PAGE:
“Because organic farming focuses on free-from synthetics, modern technology like drones and aerial imaging are used to enable sophisticated analysis of what the soils require, plants need vs simply adding fertiliser as is customary in non-organic farming,” says Angove Organic’s Joint Managing Director, Victoria Angove, global leaders in organic wine production.
“By embracing technology, inputs are better placed and applied, there is less use of diesel tractor inputs, the soil is rich and healthy and there is a reduction in water usage”, says Angove, stating all these things allow Angove Organic to produce a purer product, healthier for humans and truly certified organic.
CAFFEINE AND BENEFITS FOR SPORTS, HEALTH CLAIMS AND EFFECTIVE DOSAGE
- Empowered wellbeing
Health is at the front of the agenda across all facets of life including business and personal; consumers have been actively upskilling on how to build immunity, be healthier and thus are far more knowledgeable about wellbeing. Food as Medicine as a health strategy is at an all-time high putting natural and organic firmly on the health agenda, driving growth.
- Mental wellbeing matters for everyone and everything
Millions are operating with always-on mild anxiety and a coping mindset, as the uncertainty and stresses – economic, relationships, work related - during the pandemic continues. Growth in natural and anti-inflammatory foods and therapies that support sleep, stress and anxiety reduction strategies Ref 11, 12) as well as immune health, have seen substantial growth with the likes of adaptogens such as ashwagandha, energy production and mitochondrial support, such as ubiquinol, at the forefront of this growth.
- Value versus Purpose based purchasing
The pandemic has amplified consumers’ needs to align their purpose (Ref 13) with those of the brand, versus seeking value from the purchases they make. Those brands that are committed to doing good for the planet as much as for their bottom line, are seeing healthy growth in loyalty, even commanding higher prices.
- Eating in is the new Dining out
Described as the ‘Homebody Economy’, Waitrose (UK) research reveals that consumers are increasingly eating in and refocusing on fundamentals, such as cooking simple meals together with loved ones, where cooking and eating together has become the new form of ‘entertainment’ (Ref 14) with a focus on convenience and healthy eating.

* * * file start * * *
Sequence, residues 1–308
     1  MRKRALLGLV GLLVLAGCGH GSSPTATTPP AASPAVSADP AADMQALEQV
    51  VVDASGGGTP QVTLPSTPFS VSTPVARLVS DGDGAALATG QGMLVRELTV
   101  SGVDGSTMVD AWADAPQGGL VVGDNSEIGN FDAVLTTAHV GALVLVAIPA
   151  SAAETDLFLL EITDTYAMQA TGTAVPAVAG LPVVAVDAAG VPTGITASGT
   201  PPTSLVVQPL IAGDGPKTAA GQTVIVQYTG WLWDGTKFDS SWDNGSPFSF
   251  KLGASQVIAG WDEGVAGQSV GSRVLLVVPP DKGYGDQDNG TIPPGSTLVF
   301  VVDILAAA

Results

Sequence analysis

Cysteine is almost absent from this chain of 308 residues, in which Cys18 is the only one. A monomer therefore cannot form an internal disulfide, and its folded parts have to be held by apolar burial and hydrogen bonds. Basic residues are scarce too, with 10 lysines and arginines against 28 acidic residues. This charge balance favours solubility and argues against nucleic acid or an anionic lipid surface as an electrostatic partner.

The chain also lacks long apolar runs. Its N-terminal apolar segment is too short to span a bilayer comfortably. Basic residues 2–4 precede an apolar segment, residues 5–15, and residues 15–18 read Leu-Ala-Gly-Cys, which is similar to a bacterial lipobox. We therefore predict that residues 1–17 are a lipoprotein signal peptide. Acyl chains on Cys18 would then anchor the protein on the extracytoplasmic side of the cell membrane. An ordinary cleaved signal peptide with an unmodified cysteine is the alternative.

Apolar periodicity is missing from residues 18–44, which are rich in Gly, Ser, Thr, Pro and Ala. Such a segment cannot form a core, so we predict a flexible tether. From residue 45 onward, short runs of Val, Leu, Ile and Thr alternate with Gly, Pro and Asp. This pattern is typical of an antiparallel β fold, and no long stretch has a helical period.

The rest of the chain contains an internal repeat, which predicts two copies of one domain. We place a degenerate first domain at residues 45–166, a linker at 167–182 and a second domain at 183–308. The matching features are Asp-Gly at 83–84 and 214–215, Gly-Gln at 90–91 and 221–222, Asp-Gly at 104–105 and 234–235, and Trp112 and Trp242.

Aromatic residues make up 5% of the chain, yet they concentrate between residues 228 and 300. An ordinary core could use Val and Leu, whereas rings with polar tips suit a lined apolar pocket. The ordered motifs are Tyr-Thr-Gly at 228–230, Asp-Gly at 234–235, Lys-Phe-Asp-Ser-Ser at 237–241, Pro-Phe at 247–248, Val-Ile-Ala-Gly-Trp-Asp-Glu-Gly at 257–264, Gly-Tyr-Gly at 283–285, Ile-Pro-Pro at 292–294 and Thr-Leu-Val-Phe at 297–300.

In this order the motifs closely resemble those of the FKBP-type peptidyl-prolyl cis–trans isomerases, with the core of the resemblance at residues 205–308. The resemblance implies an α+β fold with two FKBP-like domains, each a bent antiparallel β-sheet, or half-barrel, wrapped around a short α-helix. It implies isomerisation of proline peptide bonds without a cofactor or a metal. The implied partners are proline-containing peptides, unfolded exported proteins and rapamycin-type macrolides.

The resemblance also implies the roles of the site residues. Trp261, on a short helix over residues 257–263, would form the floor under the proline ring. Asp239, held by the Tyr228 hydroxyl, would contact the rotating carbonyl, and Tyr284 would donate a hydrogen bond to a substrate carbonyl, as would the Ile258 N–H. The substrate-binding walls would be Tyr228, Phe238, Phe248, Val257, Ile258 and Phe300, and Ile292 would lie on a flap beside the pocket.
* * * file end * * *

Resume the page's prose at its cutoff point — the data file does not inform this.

- Plant more
UK customers at supermarket Waitrose (Ref 15) reveal a shift to vegetables only for five days per week with vegetarianism and veganism dominating our plates, as the emphasis shifts to healthy eating and sustainable practices which are kind to the planet.
- Planet ahead of profit
Reduction of carbon footprint is in focus as consumers seek brands that align with their own values, demanding a focus on sustainability (Ref 16) with consumers seeking clear evidence of proactive commitment to manufacturing practice which is dedicated to slowing climate change. Research reports show that 57% (Ref 17) of consumers are willing to change their purchasing habits to help reduce negative environmental impact. Natural and organic farming free-from pesticides, additives and a focus on water preservation and reduction in CO2 emissions is increasingly driving consumption change and growth.
- Clean Labelling
The pandemic has sharpened consumers’ focus on understanding the long-term effects of the food products they consume (Ref 18) seeking ‘health value’ in food choices, with ingredient labels playing a key role in substantiating purchase decisions (Ref 19). This has resulted in growth in the natural and organic food and beverage categories.
- Recuperative living (Ref 20)
To cope with the challenges brought on by the pandemic consumers have pared back to the essentials in life – with healthy rituals that support peace of mind: tea rituals; healthy cooking, meditation, regular exercise, supported by largely natural or organic food choices.
- Keeping it local
Globally, supply chain pressures have resulted in more purchasing from local communities. Living local is now the central focus of our world. Even the largest supermarket chains, have launched smaller ‘Local’ stores to work with local suppliers to bring the best local goods to customers, from the local butcher for example.